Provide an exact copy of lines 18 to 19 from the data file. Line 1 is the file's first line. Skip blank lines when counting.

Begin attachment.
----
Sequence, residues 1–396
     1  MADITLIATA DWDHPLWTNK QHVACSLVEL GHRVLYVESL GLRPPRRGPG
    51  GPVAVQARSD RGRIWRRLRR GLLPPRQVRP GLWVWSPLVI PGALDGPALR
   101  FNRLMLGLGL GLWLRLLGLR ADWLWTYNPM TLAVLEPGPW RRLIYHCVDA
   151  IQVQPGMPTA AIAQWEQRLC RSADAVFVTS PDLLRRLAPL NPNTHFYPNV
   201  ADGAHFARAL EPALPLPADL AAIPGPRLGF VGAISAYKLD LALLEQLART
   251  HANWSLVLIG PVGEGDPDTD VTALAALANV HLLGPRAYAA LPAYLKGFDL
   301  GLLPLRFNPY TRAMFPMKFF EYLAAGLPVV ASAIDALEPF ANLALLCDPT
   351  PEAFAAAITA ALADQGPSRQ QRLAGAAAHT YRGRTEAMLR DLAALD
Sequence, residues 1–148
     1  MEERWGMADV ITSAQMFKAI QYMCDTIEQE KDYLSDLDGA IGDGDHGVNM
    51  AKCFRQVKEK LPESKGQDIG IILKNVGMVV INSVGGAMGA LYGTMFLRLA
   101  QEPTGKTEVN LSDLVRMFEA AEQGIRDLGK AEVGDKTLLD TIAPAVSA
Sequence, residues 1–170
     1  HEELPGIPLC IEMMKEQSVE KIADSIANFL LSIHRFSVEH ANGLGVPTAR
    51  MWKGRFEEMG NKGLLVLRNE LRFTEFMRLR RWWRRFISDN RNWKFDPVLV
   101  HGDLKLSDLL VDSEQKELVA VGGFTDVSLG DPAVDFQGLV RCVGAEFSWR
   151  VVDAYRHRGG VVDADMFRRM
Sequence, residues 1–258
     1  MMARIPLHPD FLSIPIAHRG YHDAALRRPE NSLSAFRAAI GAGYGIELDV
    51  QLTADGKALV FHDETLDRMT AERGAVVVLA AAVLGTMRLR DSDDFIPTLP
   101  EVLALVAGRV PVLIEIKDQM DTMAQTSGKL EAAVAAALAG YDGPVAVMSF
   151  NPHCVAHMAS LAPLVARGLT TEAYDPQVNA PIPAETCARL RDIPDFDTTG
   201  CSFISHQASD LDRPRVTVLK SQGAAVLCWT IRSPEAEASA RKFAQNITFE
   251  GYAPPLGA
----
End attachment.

   151  VVDAYRHRGG VVDADMFRRM
Sequence, residues 1–258